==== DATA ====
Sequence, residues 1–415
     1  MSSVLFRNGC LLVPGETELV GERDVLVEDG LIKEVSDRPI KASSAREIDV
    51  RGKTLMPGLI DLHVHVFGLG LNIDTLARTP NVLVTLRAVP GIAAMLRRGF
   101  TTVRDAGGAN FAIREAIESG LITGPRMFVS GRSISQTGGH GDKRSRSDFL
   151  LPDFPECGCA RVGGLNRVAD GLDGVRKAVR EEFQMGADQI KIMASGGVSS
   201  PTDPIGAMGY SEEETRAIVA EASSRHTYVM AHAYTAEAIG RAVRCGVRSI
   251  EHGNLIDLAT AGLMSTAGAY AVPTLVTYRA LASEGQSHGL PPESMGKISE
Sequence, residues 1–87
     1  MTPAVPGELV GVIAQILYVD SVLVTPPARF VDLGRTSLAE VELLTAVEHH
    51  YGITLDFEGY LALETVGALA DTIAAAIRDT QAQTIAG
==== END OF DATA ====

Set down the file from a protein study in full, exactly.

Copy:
Sequence, residues 1–415
     1  MSSVLFRNGC LLVPGETELV GERDVLVEDG LIKEVSDRPI KASSAREIDV
    51  RGKTLMPGLI DLHVHVFGLG LNIDTLARTP NVLVTLRAVP GIAAMLRRGF
   101  TTVRDAGGAN FAIREAIESG LITGPRMFVS GRSISQTGGH GDKRSRSDFL
   151  LPDFPECGCA RVGGLNRVAD GLDGVRKAVR EEFQMGADQI KIMASGGVSS
   201  PTDPIGAMGY SEEETRAIVA EASSRHTYVM AHAYTAEAIG RAVRCGVRSI
   251  EHGNLIDLAT AGLMSTAGAY AVPTLVTYRA LASEGQSHGL PPESMGKISE
Sequence, residues 1–87
     1  MTPAVPGELV GVIAQILYVD SVLVTPPARF VDLGRTSLAE VELLTAVEHH
    51  YGITLDFEGY LALETVGALA DTIAAAIRDT QAQTIAG